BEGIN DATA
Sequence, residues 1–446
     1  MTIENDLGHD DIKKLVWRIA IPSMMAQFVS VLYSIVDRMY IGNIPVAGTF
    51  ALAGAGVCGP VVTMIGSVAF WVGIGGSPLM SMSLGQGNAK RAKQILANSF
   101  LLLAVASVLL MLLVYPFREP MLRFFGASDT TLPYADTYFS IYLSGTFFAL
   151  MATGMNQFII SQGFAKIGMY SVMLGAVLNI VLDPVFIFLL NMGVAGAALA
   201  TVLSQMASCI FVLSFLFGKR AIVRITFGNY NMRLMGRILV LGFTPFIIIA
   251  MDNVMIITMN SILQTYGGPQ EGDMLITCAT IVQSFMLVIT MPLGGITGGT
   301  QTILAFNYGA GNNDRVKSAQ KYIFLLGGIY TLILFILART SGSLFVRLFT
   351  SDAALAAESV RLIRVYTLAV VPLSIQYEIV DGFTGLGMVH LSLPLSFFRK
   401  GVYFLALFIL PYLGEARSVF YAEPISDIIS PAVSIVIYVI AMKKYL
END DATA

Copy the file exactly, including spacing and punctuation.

Sequence, residues 1–446
     1  MTIENDLGHD DIKKLVWRIA IPSMMAQFVS VLYSIVDRMY IGNIPVAGTF
    51  ALAGAGVCGP VVTMIGSVAF WVGIGGSPLM SMSLGQGNAK RAKQILANSF
   101  LLLAVASVLL MLLVYPFREP MLRFFGASDT TLPYADTYFS IYLSGTFFAL
   151  MATGMNQFII SQGFAKIGMY SVMLGAVLNI VLDPVFIFLL NMGVAGAALA
   201  TVLSQMASCI FVLSFLFGKR AIVRITFGNY NMRLMGRILV LGFTPFIIIA
   251  MDNVMIITMN SILQTYGGPQ EGDMLITCAT IVQSFMLVIT MPLGGITGGT
   301  QTILAFNYGA GNNDRVKSAQ KYIFLLGGIY TLILFILART SGSLFVRLFT
   351  SDAALAAESV RLIRVYTLAV VPLSIQYEIV DGFTGLGMVH LSLPLSFFRK
   401  GVYFLALFIL PYLGEARSVF YAEPISDIIS PAVSIVIYVI AMKKYL